BERLIN – With the prom next weekend and graduation activities not far behind, Stephen Decatur students got a harsh, first-hand look at the reality of the danger of drinking and driving and poor decision-making with a dramatic mock accident in front of the school yesterday morning.
In a program repeated each year just before prom week, Decatur seniors were called to a parking lot in front of the Berlin school around 8:30 a.m. What they found was a demolished car with a couple of their classmates, dressed in prom dresses and tuxedos, trapped inside and couple more ejected onto the parking lot. The injured students wailed in agony as police officers, firefighters and paramedics extricated the ones trapped in the vehicle and tended to the ones ejected from the car.
A couple of students were loaded into nearby ambulances, while one, this year senior Amanda Raymond, was pronounced dead at the scene. Funeral home officials arrived and put the deceased student into a body bag and loaded her into a hearse just as a distraught mother arrived on the scene. Finally, the driver of the crashed vehicle, this year junior Natalie Cheng, was administered sobriety tests and led away in handcuffs.
All in all, the powerful demonstration hammered home the important message about decision-making at all times, but particularly during prom season and the celebrations associated with pending graduation. When the mock accident and its aftermath were dispensed with outside, the students went in to the auditorium for an assembly, complete with a coffin on the stage ostensibly containing their deceased classmate.
They watched an emotional slide show presentation of the highlights of the deceased student’s life, including pictures from her childhood to her days in high school just before the mock accident, with the ominous casket in the foreground. When the strong visual message was completed, the assembled students heard from a variety of people who have dealt with the very real aftermath of a tragic accident, from local law enforcement officers to funeral home directors and from ministers to teachers and administrators, including Principal Lou Taylor, who has lost more than a couple students over the decades at Decatur.
“This is tough for me because I’ve walked along a roadside for a 17-year-old Stephen Decatur student who died like this and I’ve seen a crying mother like we saw this morning,” he said.
Holloway Funeral Home Director John Holloway outlined the process of making funeral arrangements with devastated parents, from picking a picture for an obituary to choosing an outfit for the deceased.
“You never recover from the loss of a child,” he said. “Families have money set aside for college that they now have to use for a funeral. They have to call relatives to tell them when funeral services are, not when graduation ceremonies are.”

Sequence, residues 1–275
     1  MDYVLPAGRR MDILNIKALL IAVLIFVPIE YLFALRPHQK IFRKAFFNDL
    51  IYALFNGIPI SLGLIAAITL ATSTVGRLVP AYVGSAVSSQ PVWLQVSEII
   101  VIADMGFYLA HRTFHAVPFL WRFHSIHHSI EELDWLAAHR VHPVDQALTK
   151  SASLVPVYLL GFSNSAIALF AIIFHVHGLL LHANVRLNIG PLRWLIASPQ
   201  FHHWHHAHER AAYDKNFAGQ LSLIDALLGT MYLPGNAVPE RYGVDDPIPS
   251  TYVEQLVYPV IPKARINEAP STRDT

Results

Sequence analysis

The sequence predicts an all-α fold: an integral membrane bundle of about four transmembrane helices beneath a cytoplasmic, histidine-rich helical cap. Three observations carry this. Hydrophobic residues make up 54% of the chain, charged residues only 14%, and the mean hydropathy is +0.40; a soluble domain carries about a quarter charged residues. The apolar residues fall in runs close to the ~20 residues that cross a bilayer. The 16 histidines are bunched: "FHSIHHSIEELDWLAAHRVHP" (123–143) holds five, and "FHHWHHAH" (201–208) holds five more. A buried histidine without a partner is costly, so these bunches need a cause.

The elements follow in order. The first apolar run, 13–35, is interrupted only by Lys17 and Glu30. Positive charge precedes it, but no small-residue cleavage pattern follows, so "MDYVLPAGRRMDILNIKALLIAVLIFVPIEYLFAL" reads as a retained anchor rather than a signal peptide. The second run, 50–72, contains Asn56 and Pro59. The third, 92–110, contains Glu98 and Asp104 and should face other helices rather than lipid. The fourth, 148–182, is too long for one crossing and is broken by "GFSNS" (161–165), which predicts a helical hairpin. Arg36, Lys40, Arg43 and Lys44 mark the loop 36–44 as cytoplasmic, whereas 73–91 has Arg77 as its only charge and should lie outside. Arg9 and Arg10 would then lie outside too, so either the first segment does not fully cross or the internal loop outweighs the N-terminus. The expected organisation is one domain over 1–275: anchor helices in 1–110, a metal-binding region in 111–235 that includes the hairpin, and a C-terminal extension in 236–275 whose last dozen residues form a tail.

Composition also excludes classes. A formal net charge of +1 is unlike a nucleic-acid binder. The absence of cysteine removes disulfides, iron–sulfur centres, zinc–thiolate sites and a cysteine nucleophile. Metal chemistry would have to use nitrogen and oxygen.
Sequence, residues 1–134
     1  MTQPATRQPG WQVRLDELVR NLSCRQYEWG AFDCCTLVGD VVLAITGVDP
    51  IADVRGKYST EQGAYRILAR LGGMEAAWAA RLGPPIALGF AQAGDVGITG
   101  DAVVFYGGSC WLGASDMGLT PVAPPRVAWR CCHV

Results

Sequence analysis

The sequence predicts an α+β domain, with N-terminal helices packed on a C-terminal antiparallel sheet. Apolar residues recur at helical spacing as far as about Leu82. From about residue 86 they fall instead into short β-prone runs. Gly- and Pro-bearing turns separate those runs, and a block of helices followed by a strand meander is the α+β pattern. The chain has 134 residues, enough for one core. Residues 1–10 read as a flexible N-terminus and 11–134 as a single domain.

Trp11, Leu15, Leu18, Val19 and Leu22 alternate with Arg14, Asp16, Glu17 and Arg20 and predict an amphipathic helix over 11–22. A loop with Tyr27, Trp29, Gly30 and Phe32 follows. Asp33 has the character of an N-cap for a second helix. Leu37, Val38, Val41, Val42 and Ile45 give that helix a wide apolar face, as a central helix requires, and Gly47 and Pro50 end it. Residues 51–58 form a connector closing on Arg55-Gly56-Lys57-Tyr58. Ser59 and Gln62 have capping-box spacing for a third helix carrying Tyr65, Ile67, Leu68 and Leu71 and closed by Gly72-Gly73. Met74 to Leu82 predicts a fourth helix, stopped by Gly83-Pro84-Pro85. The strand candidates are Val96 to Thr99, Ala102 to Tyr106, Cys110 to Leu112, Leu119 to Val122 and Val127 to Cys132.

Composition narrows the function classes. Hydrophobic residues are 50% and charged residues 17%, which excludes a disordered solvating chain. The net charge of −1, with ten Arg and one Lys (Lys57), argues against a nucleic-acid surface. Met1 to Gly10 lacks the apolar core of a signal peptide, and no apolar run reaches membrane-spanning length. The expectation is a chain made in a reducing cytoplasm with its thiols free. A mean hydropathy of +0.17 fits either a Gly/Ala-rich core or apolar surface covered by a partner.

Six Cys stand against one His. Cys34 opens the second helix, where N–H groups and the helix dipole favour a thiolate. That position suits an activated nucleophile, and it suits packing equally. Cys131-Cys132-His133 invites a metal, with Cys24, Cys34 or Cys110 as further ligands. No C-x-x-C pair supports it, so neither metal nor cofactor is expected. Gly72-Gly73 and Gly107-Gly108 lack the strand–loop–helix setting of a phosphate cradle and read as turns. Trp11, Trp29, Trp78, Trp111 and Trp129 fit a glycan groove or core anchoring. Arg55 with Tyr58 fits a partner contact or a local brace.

Holloway asked the students to recall the video presentation about the deceased student’s life and remember how abruptly it ended.
“There’s something missing from these pictures,” he said. “There are no pictures of the rest of her life, no pictures of college graduation, no wedding to plan, no kids and no grandkids. Be smart and think about what you’re doing. This is not just about you.”
Veteran Maryland State Police Trooper-First Class Eric Lenz told the students about the difficult task of informing parents and families their child or loved one had died in an accident involving drinking and driving.
“I hope this isn’t the face your loved ones see when I show up at your door to tell them you’re never coming home,” he said. “I’ve done that more times then I care to think about.”
Another Maryland State Police trooper, Corporal Greg Melvin, told the students about a near fatal trip to Ocean City when he was 10 years old with his mother and stepfather. A car full of young people who had been drinking ran a red light at Routes 50 and 611 and was struck by the vehicle he was riding in, causing serious injuries to all involved.
Father Larry Hill of the Holy Trinity Cathedral in Berlin told the students about how many times he has had to console families of young people killed in accidents. Hill was also the victim of an accident at an earlier age.
“The only thing that saved me was the reaction time of the driver who hit me,” he said. “If he had been drinking, I would not be here today.”
Worcester County Sheriff Sergeant Ed Schreier, who heads up the county’s accident reconstruction team, related his own stories about drunk-driving accidents and dealing with parents.
“The question I have to answer for your parents is why,” he said. “I have to try to explain why you were going 78 mph on Seahawk Road, left the roadway, hit a fence and died.”
Perhaps the strongest message of morning came from Ocean City Fire Department Captain Steve Price, who was once a teacher and vice principal at Decatur and continues to work for the school system. Price’s told the students of the selfishness of a decision to drink and drive because too often the decision maker is not around to witness the tragic aftermath.
“When you decide to drink and drive, or get in a car with somebody who decided to drink and drive, or you go to Ocean City and fall off a balcony, you’re dead,” he said. “You don’t have to deal with all of things we’ve seen and talked about today because you’re dead.”